As BJP president, Mr L.K. Advani was able to craft an over-arching agenda by bringing together three issues that defined?and perhaps still define?the core of Hindu concerns: The Ram temple dispute in Ayodhya, the need for a Uniform Civil Code and the necessity of abrogating Article 370. The results were stupendous; even Hindus who vote for the CPI(M) in West Bengal were tantalised by the possibilities of emergent Hindu political power.
But a decade and more later, Hindu concerns have shifted and it would be self-defeating to expect similar results from the same agenda. An entire generation has grown up and come of voting age since 1996 and is not necessarily charged by the ideas that motivated voters and mobilised mass support for the BJP during the height of the Ayodhya movement.
Young India, overwhelmingly Hindu and rapidly moving towards conservative values even while keeping pace with modernism, is driven by the idea of Rising India. I would posit that a new definition of the ?Hindu vote? must perforce factor in this idea whose contours are essentially, though not entirely, economic. An over-arching agenda relevant in today'scontext would, thus, necessarily have to be crafted from social, economic and political aspirations that are directly linked to the idea of Rising India.
If a ?Hindu vote? were to be forged today, it would have to be by identifying these aspirations, listing them by order of priority and crafting an agenda that promotes them unabashedly. Be it free market economics, which is being increasingly seen as beneficial for the masses, or rapid liberalisation, which is perceived to be consumer-friendly, we cannot shy away and remain tied to conventional wisdom of the past.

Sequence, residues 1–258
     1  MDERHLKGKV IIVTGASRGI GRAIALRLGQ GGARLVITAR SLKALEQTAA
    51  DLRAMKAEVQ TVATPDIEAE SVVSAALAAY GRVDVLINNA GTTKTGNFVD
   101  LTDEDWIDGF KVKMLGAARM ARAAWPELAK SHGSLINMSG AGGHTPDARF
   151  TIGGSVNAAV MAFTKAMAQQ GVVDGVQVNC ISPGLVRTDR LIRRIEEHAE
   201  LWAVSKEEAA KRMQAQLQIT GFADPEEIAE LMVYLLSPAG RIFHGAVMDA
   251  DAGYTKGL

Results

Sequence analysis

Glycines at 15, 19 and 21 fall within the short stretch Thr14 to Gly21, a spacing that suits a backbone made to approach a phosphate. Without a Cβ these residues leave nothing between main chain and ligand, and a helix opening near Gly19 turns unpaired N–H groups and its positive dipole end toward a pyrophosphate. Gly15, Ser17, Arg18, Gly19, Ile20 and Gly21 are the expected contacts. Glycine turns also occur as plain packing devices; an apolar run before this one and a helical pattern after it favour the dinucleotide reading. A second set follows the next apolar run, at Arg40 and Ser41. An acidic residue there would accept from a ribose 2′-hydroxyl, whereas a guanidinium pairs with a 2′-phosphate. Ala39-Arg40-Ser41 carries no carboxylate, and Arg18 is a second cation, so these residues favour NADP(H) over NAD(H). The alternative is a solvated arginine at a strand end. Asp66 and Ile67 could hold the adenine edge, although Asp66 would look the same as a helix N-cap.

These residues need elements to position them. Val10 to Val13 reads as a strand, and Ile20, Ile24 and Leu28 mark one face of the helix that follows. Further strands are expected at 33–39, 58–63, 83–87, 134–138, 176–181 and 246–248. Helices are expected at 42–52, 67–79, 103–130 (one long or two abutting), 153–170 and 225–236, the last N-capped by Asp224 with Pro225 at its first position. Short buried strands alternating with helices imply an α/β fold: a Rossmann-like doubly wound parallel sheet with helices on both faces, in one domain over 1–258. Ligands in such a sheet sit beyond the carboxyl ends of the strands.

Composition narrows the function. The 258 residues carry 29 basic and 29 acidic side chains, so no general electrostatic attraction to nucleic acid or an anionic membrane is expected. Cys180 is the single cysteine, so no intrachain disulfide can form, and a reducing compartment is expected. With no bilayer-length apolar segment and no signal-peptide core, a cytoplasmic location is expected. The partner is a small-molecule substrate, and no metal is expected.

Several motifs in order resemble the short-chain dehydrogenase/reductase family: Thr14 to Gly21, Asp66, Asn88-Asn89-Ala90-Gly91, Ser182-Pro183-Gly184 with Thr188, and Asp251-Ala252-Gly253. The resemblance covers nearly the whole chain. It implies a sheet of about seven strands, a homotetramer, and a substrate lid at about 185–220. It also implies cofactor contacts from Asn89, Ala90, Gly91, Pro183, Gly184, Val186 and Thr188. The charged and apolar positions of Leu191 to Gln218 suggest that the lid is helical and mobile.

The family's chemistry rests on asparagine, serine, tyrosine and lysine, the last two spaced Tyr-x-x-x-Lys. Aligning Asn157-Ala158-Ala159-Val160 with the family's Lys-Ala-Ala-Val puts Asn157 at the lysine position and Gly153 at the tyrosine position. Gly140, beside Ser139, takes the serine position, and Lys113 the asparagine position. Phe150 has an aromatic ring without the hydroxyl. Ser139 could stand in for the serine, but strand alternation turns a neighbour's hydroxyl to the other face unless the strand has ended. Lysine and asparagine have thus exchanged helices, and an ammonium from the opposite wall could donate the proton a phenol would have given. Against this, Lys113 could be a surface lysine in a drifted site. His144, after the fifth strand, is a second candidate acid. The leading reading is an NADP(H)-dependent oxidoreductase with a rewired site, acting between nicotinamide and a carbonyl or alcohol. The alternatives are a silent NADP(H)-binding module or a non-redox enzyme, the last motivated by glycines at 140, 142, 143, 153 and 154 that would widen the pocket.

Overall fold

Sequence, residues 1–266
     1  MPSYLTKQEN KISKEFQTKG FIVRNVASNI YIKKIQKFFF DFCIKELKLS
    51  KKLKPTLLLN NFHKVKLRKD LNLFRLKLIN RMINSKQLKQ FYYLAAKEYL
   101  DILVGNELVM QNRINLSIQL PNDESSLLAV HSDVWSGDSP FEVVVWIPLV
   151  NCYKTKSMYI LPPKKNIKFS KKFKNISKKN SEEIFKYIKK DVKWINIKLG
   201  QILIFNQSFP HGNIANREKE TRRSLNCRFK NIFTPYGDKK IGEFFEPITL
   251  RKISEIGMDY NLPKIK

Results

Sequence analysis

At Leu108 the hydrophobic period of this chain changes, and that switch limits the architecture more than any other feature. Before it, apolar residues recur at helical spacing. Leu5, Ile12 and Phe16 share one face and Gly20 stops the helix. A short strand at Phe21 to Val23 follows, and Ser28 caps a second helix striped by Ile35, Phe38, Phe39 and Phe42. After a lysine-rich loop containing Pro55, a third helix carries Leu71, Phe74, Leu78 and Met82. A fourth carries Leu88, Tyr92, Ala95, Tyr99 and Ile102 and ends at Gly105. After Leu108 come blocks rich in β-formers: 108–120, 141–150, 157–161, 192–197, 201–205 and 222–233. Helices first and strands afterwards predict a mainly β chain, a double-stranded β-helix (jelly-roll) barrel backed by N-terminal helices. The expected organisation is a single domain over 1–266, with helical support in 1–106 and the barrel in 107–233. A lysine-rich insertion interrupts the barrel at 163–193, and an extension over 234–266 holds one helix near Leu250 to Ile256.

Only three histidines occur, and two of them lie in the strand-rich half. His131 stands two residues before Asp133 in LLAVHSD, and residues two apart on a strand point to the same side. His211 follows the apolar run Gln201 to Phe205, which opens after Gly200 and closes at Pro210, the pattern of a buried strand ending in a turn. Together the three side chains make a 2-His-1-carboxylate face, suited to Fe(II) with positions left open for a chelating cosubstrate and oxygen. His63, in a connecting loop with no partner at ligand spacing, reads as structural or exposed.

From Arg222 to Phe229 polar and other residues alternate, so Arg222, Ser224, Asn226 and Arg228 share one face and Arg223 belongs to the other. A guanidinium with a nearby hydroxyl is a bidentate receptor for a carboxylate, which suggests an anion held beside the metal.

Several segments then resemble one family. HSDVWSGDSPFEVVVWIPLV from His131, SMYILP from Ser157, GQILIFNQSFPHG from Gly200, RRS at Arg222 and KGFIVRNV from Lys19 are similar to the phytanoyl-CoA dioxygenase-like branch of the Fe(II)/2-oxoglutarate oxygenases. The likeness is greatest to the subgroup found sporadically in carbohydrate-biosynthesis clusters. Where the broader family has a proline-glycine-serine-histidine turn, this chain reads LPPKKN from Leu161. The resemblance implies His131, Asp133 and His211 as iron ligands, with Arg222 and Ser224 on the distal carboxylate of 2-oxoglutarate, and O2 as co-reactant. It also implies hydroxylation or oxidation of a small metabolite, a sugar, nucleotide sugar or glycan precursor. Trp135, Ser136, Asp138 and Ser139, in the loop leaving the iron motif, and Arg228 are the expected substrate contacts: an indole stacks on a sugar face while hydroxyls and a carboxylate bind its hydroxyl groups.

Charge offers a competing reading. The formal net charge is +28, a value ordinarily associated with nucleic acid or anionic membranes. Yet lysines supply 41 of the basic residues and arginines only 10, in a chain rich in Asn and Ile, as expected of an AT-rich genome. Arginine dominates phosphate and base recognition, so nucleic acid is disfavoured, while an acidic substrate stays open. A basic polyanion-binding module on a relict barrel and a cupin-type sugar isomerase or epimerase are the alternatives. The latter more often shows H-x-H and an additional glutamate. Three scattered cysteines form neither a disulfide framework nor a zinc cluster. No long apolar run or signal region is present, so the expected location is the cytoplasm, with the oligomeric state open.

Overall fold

There are other issues, too. For instance, Young India is hungry for accelerated infrastructure and social development; it is tired of tokenism and hollow sloganeering, as it is tired of hackneyed ideas which politicians, including, and this must be stated with full emphasis, those in the BJP, believe are an easy route to votes, and thus to power.
For evidence, look at the remarkable manner in which Mr Narendra Modi has built up a huge Hindu vote-bank, representing Hindu social, cultural and political aspirations that form the foundation of the idea of Rising India, in Gujarat. He has achieved this not by pandering to crass majoritarianism, as claimed by his critics, but by focussing on development. And ensuring security without which growth and development can prove to be meaningless.
A last point. At this year'sVishwa Hindu Sangam in Prayag, three resolutions were adopted to motivate Hindu activists into working for the creation of a ?Hindu vote-bank??on the Hindu nation, Hindu unity and social harmony. The underlying theme of each of these resolutions was the need to obliterate social divisions of caste and put an end to obnoxious practices like barring Dalits from entering temples. More importantly, and remarkably so, development was linked to dignity.
Which brings us to where we began. Is there a ?Hindu vote?? I would say, yes there is a ?Hindu vote?, which, at present, is an aggregate of caste votes. Can this be forged into a larger ?Hindu vote?, and thus a ?Hindu vote-bank?? Yes, it is possible to achieve this goal but only if there is concerted action at two levels. First, a movement to unify Hindu communities?tribals, Dalits, OBCs and forward castes?through a vigorous social harmony campaign. And, second, by distilling Young India's?Hindu?, and therefore nationalist, aspirations into a political agenda.
For that, of course, we require forward-thinking, forward-moving leaders who can break free of the shackles and shibboleths of the past. Which by itself is a tall order.
(The writer is a veteran journalist, is Associate Editor of The Pioneer. He served in the PMO as an aide to the former Prime Minister Atal Behari Vajpayee and has headed the India Centre in Cairo.)